Written in Niagara at Large, this piece by John Bacher highlights the detrimental effects of urban sprawl on wildlife and ecosystems in Niagara, such as habitat fragmentation and genetic uniformity. The article also serves as a platform to urge Ontario residents, specifically around Lake Ontario and the Golden Horseshoe, to engage in the 2015 Greenbelt Review and help prevent forms of urbanization which are fatal to wildlife. Read article here.
Come to the Town Hall nearest you. Bring your friends. Air your views. Your voice is important!
Written in Niagara At Large, Sierra Club’s John Bacher talks about how outdated planning studies are guiding development in Niagara Region and the significance of updating these plans to ensure protection of important wildlife and biodiversity in these areas. Read the article here.
By John Bacher
Photo: Urban Sprawl on Oak Ridges Moraine threatens health of Lake Ontario. By: Mary Lou Bacher
The province of Ontario is engaged in what is termed a decade long review of the Greenbelt Plan and its complimentary legislation, Places to Grow. (the latter is intended to provide higher densities so that sprawl does not jam up against urban boundaries). A public meeting on the review, appropriately enough in a location accessible to cyclists, walkers and transit, is being held on March 30, from 6 to 9pm at the central Yonge Street Toronto Public Library.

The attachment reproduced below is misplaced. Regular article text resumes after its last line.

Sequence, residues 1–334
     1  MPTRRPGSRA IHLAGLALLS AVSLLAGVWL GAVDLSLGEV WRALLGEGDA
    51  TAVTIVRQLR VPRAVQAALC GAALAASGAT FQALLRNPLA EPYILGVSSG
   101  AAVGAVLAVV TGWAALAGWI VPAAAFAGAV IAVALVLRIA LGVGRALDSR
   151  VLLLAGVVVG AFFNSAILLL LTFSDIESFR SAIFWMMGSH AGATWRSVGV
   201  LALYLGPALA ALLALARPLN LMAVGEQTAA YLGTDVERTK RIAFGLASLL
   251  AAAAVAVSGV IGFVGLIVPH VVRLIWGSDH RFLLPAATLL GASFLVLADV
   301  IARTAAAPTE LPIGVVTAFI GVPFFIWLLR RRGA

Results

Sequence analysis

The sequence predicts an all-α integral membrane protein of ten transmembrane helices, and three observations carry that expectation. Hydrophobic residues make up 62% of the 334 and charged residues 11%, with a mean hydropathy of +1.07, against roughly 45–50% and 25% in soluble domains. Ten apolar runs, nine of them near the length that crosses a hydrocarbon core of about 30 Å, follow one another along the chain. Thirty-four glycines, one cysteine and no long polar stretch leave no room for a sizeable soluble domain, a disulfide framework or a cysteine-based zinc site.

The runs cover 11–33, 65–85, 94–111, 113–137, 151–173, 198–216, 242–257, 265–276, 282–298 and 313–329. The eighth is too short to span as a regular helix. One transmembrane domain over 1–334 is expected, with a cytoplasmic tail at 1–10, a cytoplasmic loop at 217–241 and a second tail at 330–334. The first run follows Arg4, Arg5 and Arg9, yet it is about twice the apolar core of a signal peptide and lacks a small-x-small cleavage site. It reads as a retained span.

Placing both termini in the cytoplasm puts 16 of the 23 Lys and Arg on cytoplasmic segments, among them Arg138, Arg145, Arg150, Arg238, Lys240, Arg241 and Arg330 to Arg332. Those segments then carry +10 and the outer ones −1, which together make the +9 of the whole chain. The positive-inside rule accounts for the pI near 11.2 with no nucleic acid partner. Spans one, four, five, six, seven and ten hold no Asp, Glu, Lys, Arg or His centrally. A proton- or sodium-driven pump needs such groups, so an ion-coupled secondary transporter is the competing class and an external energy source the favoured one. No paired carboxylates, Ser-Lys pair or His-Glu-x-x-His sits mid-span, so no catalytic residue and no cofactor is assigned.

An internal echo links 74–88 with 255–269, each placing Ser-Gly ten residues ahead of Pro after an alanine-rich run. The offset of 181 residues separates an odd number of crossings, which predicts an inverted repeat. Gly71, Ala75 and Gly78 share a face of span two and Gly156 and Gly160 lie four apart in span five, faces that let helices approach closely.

The recent death of a prophetic voice of concern for the earth, Dr. Mike Carr, should give some guidance to the deliberations of the public. It is to be fervently hoped that as many people cram into the Toronto Reference Library to give voice to concerns for the fate of the planet as occupied St. James Cathedral square.
Many people care for our wounded earth here in the Niagara Region, but frequently despair about what can be done to preserve and protect it.
Farmlands are gobbled up, forests are slashed and streams are entombed in cement. Fish, frogs and turtles lose their homes with the waters. Native bird species vanish...
From our friend Kevin Thomason with Waterloo’s Sunfish Neighbourhood Association—
With the link between biodiversity and human health strongly documented it is welcomed that an extensive and complex report, prepared by the Secretariat of the Convention on Biological Diversity (SCBD) and the World Health Organization (WHO), is highlighting the need for sustainable development policy to reflect this relationship.
The full report can be found here: http://www.cbd.int/en/health/stateofknowledge